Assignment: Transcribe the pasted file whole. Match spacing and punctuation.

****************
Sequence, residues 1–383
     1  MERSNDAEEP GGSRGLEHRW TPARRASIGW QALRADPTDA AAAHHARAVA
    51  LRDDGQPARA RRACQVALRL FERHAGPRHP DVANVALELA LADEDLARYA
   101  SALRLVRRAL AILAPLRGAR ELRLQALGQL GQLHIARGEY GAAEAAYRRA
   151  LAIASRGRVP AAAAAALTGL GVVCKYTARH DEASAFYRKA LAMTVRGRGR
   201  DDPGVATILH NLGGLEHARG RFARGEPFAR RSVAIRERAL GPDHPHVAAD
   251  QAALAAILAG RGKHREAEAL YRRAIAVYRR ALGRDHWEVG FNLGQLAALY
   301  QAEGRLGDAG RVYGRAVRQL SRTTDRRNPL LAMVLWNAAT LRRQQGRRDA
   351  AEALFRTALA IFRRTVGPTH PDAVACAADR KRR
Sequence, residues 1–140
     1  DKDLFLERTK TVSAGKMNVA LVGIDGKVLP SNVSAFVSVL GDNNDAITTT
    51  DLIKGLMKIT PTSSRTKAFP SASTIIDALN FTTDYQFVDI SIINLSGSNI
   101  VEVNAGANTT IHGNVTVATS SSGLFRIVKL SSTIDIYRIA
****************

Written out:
Sequence, residues 1–383
     1  MERSNDAEEP GGSRGLEHRW TPARRASIGW QALRADPTDA AAAHHARAVA
    51  LRDDGQPARA RRACQVALRL FERHAGPRHP DVANVALELA LADEDLARYA
   101  SALRLVRRAL AILAPLRGAR ELRLQALGQL GQLHIARGEY GAAEAAYRRA
   151  LAIASRGRVP AAAAAALTGL GVVCKYTARH DEASAFYRKA LAMTVRGRGR
   201  DDPGVATILH NLGGLEHARG RFARGEPFAR RSVAIRERAL GPDHPHVAAD
   251  QAALAAILAG RGKHREAEAL YRRAIAVYRR ALGRDHWEVG FNLGQLAALY
   301  QAEGRLGDAG RVYGRAVRQL SRTTDRRNPL LAMVLWNAAT LRRQQGRRDA
   351  AEALFRTALA IFRRTVGPTH PDAVACAADR KRR
Sequence, residues 1–140
     1  DKDLFLERTK TVSAGKMNVA LVGIDGKVLP SNVSAFVSVL GDNNDAITTT
    51  DLIKGLMKIT PTSSRTKAFP SASTIIDALN FTTDYQFVDI SIINLSGSNI
   101  VEVNAGANTT IHGNVTVATS SSGLFRIVKL SSTIDIYRIA